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SCENE I.-Northampton. A room of state in the palace.
Enter King JOHN, Queen ELINOR, PEMBROKE, ESSEX, SALISBURY, and others, with CHATILLON.
K. John. Now, say, Chatillon, what would France with us?
[France Chat. Thus, after greeting, speaks the king of In my behaviour,' to the majesty,
The borrow'd majesty of England here.
Eli. A strange beginning;-borrow'd majesty!
To Ireland, Poictiers, Anjou, Touraine, Maine :
This play comprehends a period of almost seventeen years, being nearly the whole reign of King John, commencing soon after his accession to the throne, and ending with his death.-MALONE. 2 In my official capacity.
K. John. What follows, if we disallow of this? Chat. The proud controul' of fierce and bloody war, To enforce these rights so forcibly withheld.
K. John. Here have we war for war, and blood for blood,
Controlment for controlment: so answer France.
Chat. Then take my king's defiance from my mouth, The furthest limit of my embassy.
K. John. Bear mine to him, and so depart in peace:
Be thou as lightning in the eyes of France;
Exeunt CHATILLON and PEmbroke.
This might have been prevented, and made whole,
Which now the manage of two kingdoms must
K. John. Our strong possession, and our right, for us.
Essex. My liege, here is the strangest controversy Come from the country to be judg'd by you, That e'er I heard: Shall I produce the men?
K. John. Let them approach.Our abbies, and our priories, shall pay
Re-enter Sheriff, with ROBERT FAULCON BRIDGE, and
This expedition's charge.-What men are you?
Rob. The son and heir to that same Faulconbridge. K. John. Is that the elder, and art thou the heir? You came not of one mother, then, it seems.
Phil. Most certain of one mother, mighty king, That is well known; and, as I think, one father. Eli. Out on thee, rude man! thou dost shame thy mother,
And wound her honour with this diffidence.
Phil. I, madam? no, I have no reason for it; That is my brother's plea, and none of mine; The which if he can prove, 'a pops me out At least from fair five hundred pound a year: Heaven guard my mother's honour, and my land! K. John. A good blunt fellow.-Why, being younger Doth he lay claim to thine inheritance?
And were our father, and this son like him ;-
I give heaven thanks, I was not like to thee. [us here!
Eli. He hath a trick of Coeur-de-lion's face,1
K. John. Mine eye hath well examined his parts, And finds them perfect Richard.--Sirrah, speak, What doth move you to claim your brother's land?
Phil. Because he hath a half-face, like my father; With that half-face would he have all my land.
Rob. My gracious liege, when that my father liv'd, Your brother did employ my father much; And once despatch'd him in an embassy To Germany, there, with the emperor, To treat of high affairs touching that time: Th' advantage of his absence took the king. Upon his death-bed he by will bequeath'd His lands to me; and took it, on his death, That this, my mother's son, was none of his. Then, good my liege, let me have what is mine, My father's land, as was my father's will.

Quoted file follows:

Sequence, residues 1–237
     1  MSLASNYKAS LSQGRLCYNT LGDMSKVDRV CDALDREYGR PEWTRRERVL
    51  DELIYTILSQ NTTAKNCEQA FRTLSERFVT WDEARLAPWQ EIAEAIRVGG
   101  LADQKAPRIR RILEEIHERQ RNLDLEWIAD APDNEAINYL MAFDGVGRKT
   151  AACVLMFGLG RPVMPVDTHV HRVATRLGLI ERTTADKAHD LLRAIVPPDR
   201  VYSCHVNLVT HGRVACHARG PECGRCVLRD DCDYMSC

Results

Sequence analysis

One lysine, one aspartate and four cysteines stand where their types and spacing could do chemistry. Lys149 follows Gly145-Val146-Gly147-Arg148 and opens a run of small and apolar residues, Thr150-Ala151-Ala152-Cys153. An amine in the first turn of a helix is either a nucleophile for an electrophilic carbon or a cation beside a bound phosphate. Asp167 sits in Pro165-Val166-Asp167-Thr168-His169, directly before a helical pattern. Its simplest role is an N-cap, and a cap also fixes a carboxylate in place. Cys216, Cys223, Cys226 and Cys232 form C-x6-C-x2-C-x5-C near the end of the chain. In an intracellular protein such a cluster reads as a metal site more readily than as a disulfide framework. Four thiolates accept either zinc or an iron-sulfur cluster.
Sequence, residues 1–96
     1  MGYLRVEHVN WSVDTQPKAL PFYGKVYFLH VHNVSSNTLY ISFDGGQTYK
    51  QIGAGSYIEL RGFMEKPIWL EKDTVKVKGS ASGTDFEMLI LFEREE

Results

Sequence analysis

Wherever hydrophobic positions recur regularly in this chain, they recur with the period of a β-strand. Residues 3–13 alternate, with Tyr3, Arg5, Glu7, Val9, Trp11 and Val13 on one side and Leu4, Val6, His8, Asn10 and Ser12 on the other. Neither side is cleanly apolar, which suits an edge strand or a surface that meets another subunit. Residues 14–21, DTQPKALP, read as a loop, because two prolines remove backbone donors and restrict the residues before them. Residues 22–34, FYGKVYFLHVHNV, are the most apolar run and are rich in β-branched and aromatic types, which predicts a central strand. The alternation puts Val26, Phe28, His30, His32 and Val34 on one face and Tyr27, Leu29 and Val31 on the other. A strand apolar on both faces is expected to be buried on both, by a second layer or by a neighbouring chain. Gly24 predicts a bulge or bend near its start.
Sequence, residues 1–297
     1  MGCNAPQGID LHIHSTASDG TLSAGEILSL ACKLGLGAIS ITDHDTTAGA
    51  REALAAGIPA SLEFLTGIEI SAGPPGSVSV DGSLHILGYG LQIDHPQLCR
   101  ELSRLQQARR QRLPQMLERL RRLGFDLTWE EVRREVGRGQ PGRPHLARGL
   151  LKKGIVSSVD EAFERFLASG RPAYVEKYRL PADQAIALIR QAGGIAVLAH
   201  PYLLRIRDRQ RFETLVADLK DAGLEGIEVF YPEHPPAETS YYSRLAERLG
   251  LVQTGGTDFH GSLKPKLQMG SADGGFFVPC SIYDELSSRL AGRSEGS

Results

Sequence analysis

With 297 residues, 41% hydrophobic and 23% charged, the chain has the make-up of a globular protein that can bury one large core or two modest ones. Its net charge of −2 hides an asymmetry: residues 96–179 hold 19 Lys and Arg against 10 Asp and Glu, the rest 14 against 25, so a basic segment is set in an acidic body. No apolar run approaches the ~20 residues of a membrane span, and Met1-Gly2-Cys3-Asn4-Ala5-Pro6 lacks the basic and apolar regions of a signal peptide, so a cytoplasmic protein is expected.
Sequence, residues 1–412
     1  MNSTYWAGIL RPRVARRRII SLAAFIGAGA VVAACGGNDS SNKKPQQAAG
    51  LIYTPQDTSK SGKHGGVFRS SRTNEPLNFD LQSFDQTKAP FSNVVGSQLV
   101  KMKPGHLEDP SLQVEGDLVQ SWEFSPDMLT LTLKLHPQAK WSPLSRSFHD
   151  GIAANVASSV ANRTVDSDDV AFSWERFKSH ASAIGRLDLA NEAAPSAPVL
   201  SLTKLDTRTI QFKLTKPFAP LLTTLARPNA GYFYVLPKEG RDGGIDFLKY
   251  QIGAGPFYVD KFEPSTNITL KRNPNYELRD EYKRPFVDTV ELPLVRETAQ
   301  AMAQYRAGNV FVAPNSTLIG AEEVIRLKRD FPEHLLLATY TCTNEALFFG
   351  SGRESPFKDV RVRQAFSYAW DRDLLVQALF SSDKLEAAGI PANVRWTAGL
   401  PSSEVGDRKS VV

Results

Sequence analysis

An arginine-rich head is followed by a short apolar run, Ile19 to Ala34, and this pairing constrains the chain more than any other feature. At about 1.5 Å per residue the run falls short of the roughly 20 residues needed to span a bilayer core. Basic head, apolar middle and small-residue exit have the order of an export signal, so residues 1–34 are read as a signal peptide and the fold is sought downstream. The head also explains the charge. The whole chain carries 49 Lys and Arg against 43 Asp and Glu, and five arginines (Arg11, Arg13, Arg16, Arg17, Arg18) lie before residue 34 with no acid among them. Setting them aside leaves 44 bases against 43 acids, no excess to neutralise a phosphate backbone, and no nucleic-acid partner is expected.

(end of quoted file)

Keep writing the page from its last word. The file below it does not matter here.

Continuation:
K. John. Sirrah, your brother is legitimate;
Had of your father claim'd this son for his?
Rob. Shall then my father's will be of no force, To dispossess that child which is not his?
Phil. Of no more force to dispossess me, sir, Than was his will to get me, as I think.
[bridge, Eli. Whether hadst thou rather, be a FaulconAnd, like thy brother to enjoy thy land;
1i. e. cast of countenance, like Richard's.
Or the reputed son of Coeur-de-lion,
Phil. Madam, an if my brother had my shape,
[goes! Lest men should say, Look, where three-farthings And, to his shape, were heir to all this land, 'Would I might never stir from off this place, I'd give it every foot to have this face;
I would not be sir Nob in any case.
Eli. I like thee well; Wilt thou forsake thy fortune, Bequeath thy land to him and follow me?
I am a soldier, and now bound to France.
Phil. Brother, take you my land, I'll take my chance:
Your face hath got five hundred pounds a year;
Eli. Nay, I would have you go before me thither.
Phil. Philip, my liege; so is my name begun; Philip, good old sir Robert's wife's eldest son.
K. John. From henceforth bear his name whose form thou bear'st:
Kneel thou down, Philip, but arise more great;
Phil. Brother, by the mother's side, give me your
My father gave me honour, yours gave land.
I am thy grandame, Richard; call me so.
Great in thine own person.
2 If I had his shape,-Sir Robert's, -as he has.
3 The allusion is to a silver coin of three-farthings in the reign of Elizabeth, extremely thin, and impressed with a rose.
4 Sir Robert.